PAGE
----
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Astron. Astrophys. 356, 1119-1135 (2000)

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1. Introduction

In a previous paper (Dravins et al. 1999, hereafter Paper I) three methods were described by which stellar radial velocities can be determined astrometrically, i.e. from geometric measurements independent of spectroscopy. Such astrometric radial velocities are of interest as they allow to disentangle the space motions of the stars from other astrophysical phenomena causing spectroscopic line shifts, such as internal motions in stellar atmospheres and gravitational redshift. In normal stars such shifts are typically less than 1 km s-1. A corresponding accuracy is needed in the astrometric radial velocity to permit useful comparison with spectroscopic data. Two of the methods outlined in Paper I use the progressively changing parallax or proper motion of a star to infer its motion relative to the Sun. Reaching [FORMULA] km s-1 accuracy with these methods requires astrometric observations on the microarcsec accuracy level, currently unavailable but likely to be achieved in future space astrometry programmes.

The third method is based on the changing angular extent of a star cluster as it approaches or recedes from the Sun: the relative rate of apparent contraction equals the relative change in distance. Since the distance is known from trigonometric parallaxes, the radial velocities follow. Only this method can provide sub-km s-1 radial velocity estimates from existing astrometric data. In the present paper we develop a maximum-likelihood (ML) algorithm, first described by Dravins et al. (1997), for estimating the space velocity vector and other kinematic parameters of a cluster. These results can then be used to estimate the radial velocities of individual member stars, simply by projecting the cluster velocity vector onto their lines of sight.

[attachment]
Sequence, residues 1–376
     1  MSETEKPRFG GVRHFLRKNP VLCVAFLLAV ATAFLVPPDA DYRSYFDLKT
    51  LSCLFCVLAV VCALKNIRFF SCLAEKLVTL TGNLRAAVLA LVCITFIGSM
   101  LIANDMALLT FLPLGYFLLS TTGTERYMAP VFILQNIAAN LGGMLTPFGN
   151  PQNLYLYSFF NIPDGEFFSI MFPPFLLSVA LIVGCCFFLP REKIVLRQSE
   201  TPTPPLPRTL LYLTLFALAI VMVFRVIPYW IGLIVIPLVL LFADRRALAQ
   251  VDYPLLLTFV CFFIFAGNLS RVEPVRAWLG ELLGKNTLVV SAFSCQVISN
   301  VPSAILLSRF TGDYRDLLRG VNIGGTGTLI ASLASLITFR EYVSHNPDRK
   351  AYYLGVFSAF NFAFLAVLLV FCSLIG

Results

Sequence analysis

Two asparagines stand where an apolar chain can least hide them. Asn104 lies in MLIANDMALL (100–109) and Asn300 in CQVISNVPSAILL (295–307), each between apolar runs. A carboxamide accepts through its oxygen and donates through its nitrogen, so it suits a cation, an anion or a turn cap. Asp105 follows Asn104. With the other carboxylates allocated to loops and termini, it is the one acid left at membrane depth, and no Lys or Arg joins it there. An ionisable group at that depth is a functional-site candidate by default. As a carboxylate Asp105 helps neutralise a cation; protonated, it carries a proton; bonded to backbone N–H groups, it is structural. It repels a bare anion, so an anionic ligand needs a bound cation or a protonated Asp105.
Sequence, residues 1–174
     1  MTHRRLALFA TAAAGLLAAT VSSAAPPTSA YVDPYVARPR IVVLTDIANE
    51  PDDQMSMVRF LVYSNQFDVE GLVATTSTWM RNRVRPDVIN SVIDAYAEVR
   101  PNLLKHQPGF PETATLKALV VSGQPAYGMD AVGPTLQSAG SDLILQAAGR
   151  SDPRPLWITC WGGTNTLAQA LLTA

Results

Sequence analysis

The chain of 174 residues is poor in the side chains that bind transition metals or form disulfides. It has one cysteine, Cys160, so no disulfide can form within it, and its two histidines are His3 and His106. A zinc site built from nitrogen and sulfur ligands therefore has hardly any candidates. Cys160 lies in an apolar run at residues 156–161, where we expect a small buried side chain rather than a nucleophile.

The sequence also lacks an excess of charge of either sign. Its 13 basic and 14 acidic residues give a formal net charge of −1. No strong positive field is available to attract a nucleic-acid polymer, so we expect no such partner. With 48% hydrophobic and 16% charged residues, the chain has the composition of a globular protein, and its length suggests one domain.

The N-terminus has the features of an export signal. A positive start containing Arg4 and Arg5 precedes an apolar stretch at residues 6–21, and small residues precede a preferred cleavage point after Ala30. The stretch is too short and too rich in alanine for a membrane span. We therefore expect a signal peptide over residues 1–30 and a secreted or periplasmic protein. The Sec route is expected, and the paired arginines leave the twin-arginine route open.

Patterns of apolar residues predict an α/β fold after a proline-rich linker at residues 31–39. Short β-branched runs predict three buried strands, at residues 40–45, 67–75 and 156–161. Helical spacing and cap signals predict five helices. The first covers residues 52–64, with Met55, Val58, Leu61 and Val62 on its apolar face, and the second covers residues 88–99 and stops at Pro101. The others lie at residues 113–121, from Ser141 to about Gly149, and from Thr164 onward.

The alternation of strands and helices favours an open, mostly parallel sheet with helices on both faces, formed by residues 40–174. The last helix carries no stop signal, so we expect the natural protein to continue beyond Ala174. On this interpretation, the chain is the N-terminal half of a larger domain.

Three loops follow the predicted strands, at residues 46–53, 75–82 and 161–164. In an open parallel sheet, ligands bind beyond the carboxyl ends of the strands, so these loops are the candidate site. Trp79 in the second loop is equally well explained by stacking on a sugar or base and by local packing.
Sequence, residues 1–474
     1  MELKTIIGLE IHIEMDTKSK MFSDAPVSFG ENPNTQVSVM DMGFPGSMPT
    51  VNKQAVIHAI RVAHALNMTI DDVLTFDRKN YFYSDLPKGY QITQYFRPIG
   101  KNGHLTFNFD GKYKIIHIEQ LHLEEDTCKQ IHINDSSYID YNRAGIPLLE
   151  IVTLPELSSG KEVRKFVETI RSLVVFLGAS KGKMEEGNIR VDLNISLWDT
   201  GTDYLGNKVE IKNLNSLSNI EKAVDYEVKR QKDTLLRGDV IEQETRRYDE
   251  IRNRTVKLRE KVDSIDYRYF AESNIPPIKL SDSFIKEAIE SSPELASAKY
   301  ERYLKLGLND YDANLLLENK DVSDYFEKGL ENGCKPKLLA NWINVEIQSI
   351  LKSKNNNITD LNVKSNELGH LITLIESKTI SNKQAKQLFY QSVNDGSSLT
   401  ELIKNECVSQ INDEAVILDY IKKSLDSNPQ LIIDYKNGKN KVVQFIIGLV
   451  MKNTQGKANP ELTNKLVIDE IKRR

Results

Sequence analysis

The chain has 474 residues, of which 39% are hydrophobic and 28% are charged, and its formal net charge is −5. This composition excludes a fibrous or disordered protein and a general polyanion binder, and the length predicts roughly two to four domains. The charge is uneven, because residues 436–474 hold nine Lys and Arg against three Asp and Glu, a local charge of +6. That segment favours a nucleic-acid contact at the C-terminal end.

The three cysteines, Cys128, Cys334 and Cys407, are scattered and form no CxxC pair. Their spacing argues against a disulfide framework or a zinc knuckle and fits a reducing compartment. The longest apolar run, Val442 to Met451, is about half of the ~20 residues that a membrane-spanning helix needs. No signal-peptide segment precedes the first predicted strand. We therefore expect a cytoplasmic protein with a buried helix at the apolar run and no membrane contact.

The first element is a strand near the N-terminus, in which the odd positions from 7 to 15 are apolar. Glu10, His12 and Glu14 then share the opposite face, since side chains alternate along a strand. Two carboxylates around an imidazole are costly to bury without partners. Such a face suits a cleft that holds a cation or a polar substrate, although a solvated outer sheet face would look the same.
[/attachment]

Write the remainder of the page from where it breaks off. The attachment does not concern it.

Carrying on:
An overview of the method is presented in Sect. 2, followed by the precise mathematical formulation in Sect. 3. Details of the practical implementation are given in Appendix A. The validity of the method is studied in Sect. 4 by means of Monte Carlo simulations, and in Sect. 5 we apply the method to the Hyades cluster as observed by Hipparcos. It is concluded that the method can indeed yield accurate results under realistic assumptions, although special procedures are needed to correctly estimate the internal velocity dispersion of the cluster and the accuracies of the estimated parameters. In a subsequent paper (Paper III: Madsen et al., in preparation) the method is systematically applied to Hipparcos observations of nearby open star clusters.

A by-product of the moving-cluster method is that the distance estimates to the individual cluster stars may be significantly improved compared with the original parallax measurements. As discussed in Paper I (Sect. 6.3), these `kinematically improved parallaxes' can be understood as resulting from a combination of trigonometric and kinematic distance information, where kinematic distances follow from the observed proper motions and the derived cluster velocity.

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© European Southern Observatory (ESO) 2000

Online publication: April 17, 2000
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